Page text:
In Re: Conex Holdings LLC et al.
MEMORANDUM re 6 motion to certify appeal. Signed by Judge Leonard P. Stark on 3/23/15. (ntl)
IN THE UNITED STATES DISTRICT COURT
FOR THE DISTRICT OF DELAWARE
Bankr. Case No. 11-10501-CSS
CONEX HOLDINGS, LLC, et al.,
CHARLES A. STANZIALE, JR., Chapter 7 Trustee :
of Conex International, LLC,
Civ. No. 14-cv-179-LPS
Adv. Pro. No. 12-51132-CSS
CAR-BER TESTING, INC.,
Presently before the Court is Chapter 7 Trustee Charles A. Stanziale, Jr.'s (the
"Appellant") motion to certify (D.I. 6) ("Certification Motion") this appeal (D.1. 1) directly to the
United States Court of Appeals for the Third Circuit pursuant to 28 U.S.C. § 158(d)(2)(A).
Background. 1 On February 24, 2011, Conex Holdings, LLC and affiliated entities
(collectively the "Debtors"), consented to the entry of orders for relief under chapter 7 of the
Bankruptcy Code. (Bankr. Case No. 11-10501-CSS) That same day, the Office of the United
States Trustee appointed Appellant as Chapter 7 Trustee for Debtors' case. Prior to bankruptcy,
Debtors operated a general mechanical contracting and industrial services firm based in
Beaumont, Texas. (D.I. 6 at 6) Debtors provided various services to oil refineries in Texas.
(Id.) Motiva Enterprises, LLC ("Motiva") had contracted with Debtors to complete a capital
improvement project at its oil refinery. (Id. at 7) On this project, Debtors hired Car-Ber Testing,
Because the Court writes primarily for the benefit of the parties, the Court presumes
familiarity with the pertinent background facts.
Inc. (the "Appellee") as a subcontractor. (Id.) Under the terms of a Master Service Agreement,
Motiva retained the right to offset and withhold any amounts due and owing to Debtors in order
to satisfy any lien Debtors' subcontractors asserted against Motiva's refineries. (Id.) As the
project progressed, Debtors failed to pay Appellee for certain prepetition services, prompting
Appellee to file a mechanic's lien against Motiva's property. (Id. at 8) After Debtors filed
bankruptcy, Motiva and Appellant reached an agreement whereby Motiva set-off $563,173.67
against amounts due to Debtors' estate, which were in tum used to satisfy various
subcontractors' mechanic's liens. (Id.) Of this amount, $126,192.44 was allocated to satisfy
Appellee's mechanic's lien (the "Motiva Settlement Payment"). (Id.)
On December 5, 2012, Appellee filed an adversary proceeding (Adv. Pro. No. 12-
51132-CSS), pursuant to 11 U.S.C. §§ 547 and 550, to recover Debtors' prepetition payments to
Appellee that occurred within the 90 days preceding the petition date. Appellee moved for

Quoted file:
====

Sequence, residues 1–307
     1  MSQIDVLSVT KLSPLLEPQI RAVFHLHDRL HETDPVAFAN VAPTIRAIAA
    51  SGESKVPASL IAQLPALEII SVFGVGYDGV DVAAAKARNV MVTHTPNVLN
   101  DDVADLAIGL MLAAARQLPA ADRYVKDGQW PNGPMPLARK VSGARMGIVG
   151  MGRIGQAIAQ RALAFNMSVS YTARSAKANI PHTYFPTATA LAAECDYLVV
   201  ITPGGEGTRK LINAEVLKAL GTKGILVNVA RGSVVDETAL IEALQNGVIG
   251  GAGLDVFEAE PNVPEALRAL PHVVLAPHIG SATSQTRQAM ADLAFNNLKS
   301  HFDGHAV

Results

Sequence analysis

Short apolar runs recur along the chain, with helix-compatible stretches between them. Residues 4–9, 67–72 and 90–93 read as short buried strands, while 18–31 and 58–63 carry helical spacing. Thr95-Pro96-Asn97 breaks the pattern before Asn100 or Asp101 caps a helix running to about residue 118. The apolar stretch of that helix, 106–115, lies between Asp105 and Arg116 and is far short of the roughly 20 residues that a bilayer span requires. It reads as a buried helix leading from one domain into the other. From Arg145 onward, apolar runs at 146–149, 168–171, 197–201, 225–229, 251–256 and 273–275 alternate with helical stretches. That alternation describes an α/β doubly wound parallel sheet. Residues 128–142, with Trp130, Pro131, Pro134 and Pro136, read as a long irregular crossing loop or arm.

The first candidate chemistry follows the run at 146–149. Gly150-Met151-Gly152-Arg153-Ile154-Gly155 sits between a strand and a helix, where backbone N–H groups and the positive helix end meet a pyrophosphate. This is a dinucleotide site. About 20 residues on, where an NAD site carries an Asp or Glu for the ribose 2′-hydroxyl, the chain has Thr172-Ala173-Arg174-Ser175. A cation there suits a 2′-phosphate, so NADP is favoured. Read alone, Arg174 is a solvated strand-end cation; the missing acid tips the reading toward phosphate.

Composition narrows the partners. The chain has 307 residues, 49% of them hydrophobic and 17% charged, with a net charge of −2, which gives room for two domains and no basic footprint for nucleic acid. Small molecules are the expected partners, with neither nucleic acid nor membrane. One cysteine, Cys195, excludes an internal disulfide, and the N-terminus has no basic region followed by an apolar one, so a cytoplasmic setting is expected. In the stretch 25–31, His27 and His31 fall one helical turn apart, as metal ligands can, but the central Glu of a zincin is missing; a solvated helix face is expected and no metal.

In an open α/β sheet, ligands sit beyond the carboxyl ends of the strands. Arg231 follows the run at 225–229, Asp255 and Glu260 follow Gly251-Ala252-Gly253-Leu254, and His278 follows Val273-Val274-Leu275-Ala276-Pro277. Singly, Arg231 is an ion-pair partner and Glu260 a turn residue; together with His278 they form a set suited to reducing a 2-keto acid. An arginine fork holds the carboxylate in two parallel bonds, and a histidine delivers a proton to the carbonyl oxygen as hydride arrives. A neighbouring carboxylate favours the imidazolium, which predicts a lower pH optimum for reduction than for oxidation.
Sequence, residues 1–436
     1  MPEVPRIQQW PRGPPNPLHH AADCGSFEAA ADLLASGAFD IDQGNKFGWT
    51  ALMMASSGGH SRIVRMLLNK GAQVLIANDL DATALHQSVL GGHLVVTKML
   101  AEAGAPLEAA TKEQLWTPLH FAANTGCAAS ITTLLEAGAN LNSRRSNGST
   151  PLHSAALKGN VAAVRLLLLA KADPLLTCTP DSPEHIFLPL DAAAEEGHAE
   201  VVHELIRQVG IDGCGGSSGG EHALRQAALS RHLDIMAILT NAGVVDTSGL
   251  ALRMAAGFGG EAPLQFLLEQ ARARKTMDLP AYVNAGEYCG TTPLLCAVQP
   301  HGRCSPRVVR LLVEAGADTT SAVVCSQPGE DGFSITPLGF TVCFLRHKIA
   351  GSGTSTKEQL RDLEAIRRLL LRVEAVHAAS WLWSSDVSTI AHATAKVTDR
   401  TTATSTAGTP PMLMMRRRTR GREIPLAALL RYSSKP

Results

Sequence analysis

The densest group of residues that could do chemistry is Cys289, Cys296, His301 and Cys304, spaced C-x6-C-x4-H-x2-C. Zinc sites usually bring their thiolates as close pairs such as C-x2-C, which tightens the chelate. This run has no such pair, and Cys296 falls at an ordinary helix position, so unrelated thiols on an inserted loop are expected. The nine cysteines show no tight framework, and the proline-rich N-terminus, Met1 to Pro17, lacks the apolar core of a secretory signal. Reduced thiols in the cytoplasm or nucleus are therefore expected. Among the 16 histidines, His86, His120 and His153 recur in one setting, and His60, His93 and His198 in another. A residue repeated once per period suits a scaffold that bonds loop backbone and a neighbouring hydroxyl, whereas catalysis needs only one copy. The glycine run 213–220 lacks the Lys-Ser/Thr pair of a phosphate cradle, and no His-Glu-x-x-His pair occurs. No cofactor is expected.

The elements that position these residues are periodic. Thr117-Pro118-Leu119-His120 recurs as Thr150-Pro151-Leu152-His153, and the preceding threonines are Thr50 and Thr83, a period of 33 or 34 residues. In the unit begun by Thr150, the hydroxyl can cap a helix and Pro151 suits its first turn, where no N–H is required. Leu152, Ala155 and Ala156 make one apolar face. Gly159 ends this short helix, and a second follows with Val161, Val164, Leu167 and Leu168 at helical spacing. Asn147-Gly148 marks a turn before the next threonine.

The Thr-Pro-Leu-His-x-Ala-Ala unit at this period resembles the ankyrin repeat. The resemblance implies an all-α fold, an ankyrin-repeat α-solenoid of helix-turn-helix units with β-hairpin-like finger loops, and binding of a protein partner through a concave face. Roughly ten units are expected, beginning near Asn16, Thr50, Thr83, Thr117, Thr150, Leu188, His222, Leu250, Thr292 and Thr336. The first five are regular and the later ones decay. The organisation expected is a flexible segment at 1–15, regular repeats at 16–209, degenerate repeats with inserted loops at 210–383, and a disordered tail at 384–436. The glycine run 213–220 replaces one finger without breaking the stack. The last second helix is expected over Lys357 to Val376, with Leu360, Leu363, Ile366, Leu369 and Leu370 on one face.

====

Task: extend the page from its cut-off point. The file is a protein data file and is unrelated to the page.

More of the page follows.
summary judgment, arguing that it advanced "new value" to Debtors following the preferential
payments, which reduced its liability for those preference payments under 11 U.S.C. § 547(c)(4).
Appellant countered that this "new value" defense should not apply because Appellee had been
paid post-petition for that value through the Motiva Settlement Payment.
The Bankruptcy Court issued an Order granting Appellee's motion on December
27, 2013, relying principally on In re Friedman's, Inc., 738 F.3d 547 (3d Cir. 2013). (D.I. 1-1)
Appellant appealed from that Order and filed the present Certification Motion. (D.I. 6)
Parties' Contentions. Appellant argues that this case merits direct appeal to the
Third Circuit because: ( 1) it presents a question of law of public importance, (2) there are
conflicting decisions on the issue, and (3) direct appeal will materially advance this case. (D.I. 6
at 11, 14, 15) Appellant's underlying argument is that Friedman's recognized an exception to its
own rule that is logically analogous to this case. (Id. at 5) Appellee, without argument, joins
Appellant's Certification Motion solely on the basis that a direct appeal will materially advance
the progress of this case. (D.I. 7 at 1) Appellee does not agree with the merits of Appellant's
Certification Motion that Friedman's is either unclear or raises an undecided question of law.
(Id. at 2) Because the parties failed to comply in a timely manner with the procedural
requirements that would have obligated the Court to certify an appeal to the Court of Appeals,
the Court must evaluate the motion for itself. 2
Legal Standards. Pursuant to§ 158(a), district courts have mandatory jurisdiction
to hear appeals "from final judgments, orders, and decrees" and discretionary jurisdiction over
appeals "from other interlocutory orders and decrees." 28 U.S.C. § 158(a)(l), (3). Motions for